Let us say that there is a $n \times n$ matrix with entries defined/given as some natural number. (duplicates are fine.)

What would be the number of possible matrices that result from swapping/switching the entries in the original matrix that respects the entries in each row and column (order of rows and columns does not matter.)? (By respecting entries in each row and column, I mean that if there were some defined numbers in each row, the matrix must contain these numbers in some row.)


You would be selecting a permutation of columns and a permutation of the rows. The largest possible number is $(n!)^2$, if all entries are distinct: choose a permutation of the rows, $n!$; the resulting matrix satisfies the conditions. Then choose a permutation of the columns, $n!$ possibilities, and the matrix still satisfies the conditions.

If there are repeated entries, then it depends on exactly how you have repeats.

For example, if $n=2$, you get $4$ different matrices: $$\left(\begin{array}{cc} a&b\\c&d\end{array}\right),\quad\left(\begin{array}{cc}b&a\\d&c\end{array}\right),\quad \left(\begin{array}{cc}c&d\\a&b\end{array}\right),\quad\left(\begin{array}{cc}d&c\\b&a\end{array}\right).$$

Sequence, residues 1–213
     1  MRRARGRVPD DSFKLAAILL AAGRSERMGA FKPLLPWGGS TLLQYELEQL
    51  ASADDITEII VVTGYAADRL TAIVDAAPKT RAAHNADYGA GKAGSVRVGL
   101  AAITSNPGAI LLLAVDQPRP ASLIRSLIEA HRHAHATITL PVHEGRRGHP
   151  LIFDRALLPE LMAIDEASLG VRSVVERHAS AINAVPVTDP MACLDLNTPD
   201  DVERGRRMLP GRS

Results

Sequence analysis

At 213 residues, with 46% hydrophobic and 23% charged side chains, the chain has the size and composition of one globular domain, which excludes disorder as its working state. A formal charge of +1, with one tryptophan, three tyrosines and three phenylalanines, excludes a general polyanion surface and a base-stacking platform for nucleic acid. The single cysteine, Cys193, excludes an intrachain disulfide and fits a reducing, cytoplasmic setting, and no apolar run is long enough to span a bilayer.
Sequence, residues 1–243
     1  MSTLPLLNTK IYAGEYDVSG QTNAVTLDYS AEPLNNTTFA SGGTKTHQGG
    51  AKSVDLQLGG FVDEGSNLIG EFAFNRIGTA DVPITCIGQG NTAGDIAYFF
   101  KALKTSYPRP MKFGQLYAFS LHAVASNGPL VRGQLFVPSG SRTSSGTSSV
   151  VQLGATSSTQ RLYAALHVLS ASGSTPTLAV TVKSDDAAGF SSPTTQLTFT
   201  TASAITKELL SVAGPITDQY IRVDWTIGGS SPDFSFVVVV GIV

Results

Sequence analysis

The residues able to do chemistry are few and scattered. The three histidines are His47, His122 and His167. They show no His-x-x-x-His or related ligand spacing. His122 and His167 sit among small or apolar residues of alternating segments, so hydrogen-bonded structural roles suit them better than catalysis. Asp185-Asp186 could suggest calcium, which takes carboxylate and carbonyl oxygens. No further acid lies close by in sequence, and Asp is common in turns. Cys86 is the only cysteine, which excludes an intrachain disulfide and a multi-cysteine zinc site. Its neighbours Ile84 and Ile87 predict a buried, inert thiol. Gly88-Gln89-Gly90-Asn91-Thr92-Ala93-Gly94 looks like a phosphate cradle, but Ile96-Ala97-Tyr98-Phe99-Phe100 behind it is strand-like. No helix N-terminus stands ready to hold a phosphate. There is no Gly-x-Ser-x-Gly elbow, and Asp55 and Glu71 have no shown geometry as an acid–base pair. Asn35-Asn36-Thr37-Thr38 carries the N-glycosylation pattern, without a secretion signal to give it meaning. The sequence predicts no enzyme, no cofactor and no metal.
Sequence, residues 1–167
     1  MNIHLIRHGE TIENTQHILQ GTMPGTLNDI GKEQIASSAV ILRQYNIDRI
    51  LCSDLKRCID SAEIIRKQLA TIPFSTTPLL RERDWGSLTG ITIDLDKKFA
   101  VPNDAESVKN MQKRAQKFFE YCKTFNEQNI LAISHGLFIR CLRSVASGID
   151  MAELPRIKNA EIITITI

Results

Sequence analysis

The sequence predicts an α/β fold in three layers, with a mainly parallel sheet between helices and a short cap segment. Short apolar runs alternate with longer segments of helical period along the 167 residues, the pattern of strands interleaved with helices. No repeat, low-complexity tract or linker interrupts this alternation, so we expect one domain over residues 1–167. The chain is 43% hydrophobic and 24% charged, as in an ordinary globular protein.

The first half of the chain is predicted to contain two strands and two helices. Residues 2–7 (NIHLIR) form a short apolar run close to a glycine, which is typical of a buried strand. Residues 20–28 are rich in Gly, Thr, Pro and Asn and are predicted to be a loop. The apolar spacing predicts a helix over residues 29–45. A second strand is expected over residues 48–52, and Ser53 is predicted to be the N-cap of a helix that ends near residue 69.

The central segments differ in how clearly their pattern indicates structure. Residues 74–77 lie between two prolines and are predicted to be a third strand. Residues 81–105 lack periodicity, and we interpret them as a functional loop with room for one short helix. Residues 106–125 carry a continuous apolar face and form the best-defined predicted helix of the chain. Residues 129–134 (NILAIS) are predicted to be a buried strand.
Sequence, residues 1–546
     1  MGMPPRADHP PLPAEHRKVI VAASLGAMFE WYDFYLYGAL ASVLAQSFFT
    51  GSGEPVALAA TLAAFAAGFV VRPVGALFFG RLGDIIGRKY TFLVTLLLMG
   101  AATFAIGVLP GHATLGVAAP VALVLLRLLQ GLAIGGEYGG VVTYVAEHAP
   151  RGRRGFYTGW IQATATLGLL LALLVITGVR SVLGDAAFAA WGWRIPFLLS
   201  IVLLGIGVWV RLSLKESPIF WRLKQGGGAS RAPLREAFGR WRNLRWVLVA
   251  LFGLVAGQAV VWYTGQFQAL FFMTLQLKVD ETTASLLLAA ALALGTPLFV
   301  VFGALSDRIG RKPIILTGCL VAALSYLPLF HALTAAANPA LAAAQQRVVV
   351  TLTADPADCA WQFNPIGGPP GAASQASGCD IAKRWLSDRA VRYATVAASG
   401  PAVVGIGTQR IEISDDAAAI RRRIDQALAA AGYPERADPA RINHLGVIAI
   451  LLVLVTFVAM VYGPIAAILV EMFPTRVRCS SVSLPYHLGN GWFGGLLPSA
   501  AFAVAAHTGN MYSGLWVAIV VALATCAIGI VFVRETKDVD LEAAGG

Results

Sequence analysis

If $n=3$, you have $36$ possibilities ( which I will not write in extenso); here is a way of verifying this by counting in a different way: if the original matrix is $$\left(\begin{array}{ccc} a&b&c\\ d&e&f\\ g&h&k \end{array}\right)$$ then you have $9$ possible positions for $a$; once $a$ is selected, you get two possibilities for placing $b$ in the same row, and two for placing $d$ in the same row. That determines uniquely the positions of $c$ and $g$; Once $c$ and $d$ are determined, that uniquely determines the position of $f$ (must be in the same row as $d$, same column as $c$), hence of $e$, and likewise the positions of $g$, $h$, and $k$ are now fixed. So in total you get $9\times2\times2=36 = 6\times 6 = 3!\times 3! = (3!)^2$ ways of doing it.


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